The Brexit Won’t Really Affect Britain’s Trade
Published on 29 Jun, 2016
While the markets are rife with speculation about an exit’s aftermath for both the UK and the EU, Britain’s trade turnovers ought to bounce back with gusto after an initial lull.
The UK is staring down the barrel of a recession if it decides to leave the EU officially.
If Britain really pulls out, it’s going to be a turbulent two years ahead, marked by plenty of political posturing and speculation in her financial markets. An unsettling state of affairs to be sure, and one that’s likely to last for the next 18 months at least.
Beyond that however, the Brexit will be mildly positive for the UK.
Free trade with Europe will most likely be the same, as the UK is a big importer (i.e. €100 bn p.a) and a truly international market. EU regulations would no longer apply to several segments of the economy, allowing them far more leeway and the flexibility to grow.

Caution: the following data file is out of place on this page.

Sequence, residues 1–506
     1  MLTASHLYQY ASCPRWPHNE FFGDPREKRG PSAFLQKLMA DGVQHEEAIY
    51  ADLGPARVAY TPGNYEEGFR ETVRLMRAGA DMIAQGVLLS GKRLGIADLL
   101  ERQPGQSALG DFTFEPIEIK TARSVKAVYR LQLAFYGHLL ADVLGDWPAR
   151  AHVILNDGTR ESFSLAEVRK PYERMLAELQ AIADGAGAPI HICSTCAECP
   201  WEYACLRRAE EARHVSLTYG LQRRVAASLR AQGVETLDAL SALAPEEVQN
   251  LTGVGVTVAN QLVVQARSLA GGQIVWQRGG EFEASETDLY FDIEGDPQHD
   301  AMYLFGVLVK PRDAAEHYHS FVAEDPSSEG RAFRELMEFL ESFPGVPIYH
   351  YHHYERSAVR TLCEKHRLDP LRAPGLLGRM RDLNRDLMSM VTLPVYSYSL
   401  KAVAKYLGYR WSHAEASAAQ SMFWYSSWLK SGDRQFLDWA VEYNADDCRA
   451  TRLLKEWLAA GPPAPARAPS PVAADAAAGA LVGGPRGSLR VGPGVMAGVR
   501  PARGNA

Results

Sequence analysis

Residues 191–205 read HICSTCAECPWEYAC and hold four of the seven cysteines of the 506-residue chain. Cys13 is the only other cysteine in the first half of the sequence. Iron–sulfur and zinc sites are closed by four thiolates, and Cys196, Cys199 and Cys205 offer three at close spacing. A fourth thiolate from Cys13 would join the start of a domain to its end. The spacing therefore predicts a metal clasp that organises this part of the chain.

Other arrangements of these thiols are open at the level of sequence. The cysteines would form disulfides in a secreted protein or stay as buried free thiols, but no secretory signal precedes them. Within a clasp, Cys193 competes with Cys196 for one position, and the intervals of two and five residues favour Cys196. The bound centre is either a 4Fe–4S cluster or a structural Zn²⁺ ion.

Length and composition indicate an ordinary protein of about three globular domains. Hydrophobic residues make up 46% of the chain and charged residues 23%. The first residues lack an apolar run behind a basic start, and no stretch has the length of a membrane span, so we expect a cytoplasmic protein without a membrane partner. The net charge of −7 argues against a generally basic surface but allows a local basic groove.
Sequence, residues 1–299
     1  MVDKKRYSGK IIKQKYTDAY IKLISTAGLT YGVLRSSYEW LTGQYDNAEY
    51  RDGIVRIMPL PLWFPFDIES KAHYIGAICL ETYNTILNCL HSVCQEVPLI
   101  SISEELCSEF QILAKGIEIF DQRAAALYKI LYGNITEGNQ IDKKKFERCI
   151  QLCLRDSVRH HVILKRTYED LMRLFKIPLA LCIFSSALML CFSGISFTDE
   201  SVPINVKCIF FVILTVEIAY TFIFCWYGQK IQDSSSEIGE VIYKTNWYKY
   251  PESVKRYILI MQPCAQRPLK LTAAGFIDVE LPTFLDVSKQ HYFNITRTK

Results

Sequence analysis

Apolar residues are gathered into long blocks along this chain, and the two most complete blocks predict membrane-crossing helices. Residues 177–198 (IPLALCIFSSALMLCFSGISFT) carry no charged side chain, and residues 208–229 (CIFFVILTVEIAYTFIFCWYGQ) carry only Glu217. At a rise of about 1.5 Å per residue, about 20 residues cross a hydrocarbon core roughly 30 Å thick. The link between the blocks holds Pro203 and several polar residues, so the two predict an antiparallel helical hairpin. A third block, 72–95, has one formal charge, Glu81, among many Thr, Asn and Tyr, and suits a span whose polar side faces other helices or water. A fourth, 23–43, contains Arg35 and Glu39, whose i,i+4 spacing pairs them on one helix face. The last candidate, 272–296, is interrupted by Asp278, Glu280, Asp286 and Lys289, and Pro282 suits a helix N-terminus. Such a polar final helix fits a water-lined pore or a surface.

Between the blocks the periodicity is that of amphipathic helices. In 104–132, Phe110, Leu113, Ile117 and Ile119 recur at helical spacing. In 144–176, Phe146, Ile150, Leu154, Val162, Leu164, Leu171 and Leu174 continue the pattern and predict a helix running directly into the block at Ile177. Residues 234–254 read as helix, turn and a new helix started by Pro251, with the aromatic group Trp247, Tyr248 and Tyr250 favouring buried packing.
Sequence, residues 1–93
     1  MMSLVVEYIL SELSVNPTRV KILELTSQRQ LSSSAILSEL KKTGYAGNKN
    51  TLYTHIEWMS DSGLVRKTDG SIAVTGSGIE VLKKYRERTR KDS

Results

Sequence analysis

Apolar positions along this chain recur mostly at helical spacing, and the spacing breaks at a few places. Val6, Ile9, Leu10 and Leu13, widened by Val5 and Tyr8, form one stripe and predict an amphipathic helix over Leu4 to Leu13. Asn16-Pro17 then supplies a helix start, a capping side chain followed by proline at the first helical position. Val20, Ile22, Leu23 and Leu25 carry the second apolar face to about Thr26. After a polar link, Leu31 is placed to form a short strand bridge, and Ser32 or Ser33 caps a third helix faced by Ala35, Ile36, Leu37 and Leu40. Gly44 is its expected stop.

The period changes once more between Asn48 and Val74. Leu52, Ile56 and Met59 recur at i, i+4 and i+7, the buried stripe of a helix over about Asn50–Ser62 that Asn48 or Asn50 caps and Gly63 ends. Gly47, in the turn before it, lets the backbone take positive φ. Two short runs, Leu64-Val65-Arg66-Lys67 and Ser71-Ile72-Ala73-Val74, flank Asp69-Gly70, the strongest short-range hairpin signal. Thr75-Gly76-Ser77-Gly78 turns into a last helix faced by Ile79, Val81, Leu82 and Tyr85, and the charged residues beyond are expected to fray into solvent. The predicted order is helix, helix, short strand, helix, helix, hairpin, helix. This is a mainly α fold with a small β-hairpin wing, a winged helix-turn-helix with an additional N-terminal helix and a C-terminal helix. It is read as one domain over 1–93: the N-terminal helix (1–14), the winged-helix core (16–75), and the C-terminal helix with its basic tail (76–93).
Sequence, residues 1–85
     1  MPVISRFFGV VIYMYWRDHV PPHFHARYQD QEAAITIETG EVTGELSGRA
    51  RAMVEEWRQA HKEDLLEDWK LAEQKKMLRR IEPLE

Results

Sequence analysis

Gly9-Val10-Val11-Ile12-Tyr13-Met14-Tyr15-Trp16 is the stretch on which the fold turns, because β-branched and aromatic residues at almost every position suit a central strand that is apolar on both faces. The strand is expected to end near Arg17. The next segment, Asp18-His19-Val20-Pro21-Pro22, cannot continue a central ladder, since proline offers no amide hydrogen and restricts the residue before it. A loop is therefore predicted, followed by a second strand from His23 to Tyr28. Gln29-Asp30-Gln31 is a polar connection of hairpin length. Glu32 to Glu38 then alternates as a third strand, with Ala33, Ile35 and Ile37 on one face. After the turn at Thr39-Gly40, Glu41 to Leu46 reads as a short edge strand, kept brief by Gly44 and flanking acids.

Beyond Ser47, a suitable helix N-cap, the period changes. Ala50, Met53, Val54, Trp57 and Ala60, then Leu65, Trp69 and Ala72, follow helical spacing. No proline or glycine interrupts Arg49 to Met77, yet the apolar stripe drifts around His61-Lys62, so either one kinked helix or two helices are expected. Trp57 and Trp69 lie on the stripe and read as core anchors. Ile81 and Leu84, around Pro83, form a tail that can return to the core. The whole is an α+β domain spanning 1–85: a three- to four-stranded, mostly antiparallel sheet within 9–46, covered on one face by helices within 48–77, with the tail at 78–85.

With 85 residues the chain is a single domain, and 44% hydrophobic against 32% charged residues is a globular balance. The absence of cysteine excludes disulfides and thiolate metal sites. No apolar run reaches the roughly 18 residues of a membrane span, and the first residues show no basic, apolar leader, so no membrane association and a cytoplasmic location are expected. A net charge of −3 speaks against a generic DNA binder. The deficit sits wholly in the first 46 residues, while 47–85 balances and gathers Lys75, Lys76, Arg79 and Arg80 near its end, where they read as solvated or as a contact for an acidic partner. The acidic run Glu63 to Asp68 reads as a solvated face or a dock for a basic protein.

While manufacturing contributes just about 11% to Britain’s GDP, a weaker Sterling could be good news for the sector, boosting earnings from exports.
Autonomy would also allow the country to establish trade deals with non-European countries more easily, primarily as they’d have less bureaucracy to contend with. The UK could also see a mild increase in inflation, as imports from EU members will be expensive on account of customs and trade tariffs.
The world’s fifth largest economy still hasn’t invoked Article 50 of the Lisbon Treaty, which would signal its formal withdrawal from the EU.
If it does, the UK will have just two years to hammer out fresh trade agreements with its former EU associates.
The markets won’t wait that long though.
They’ve likely already worked out their workarounds.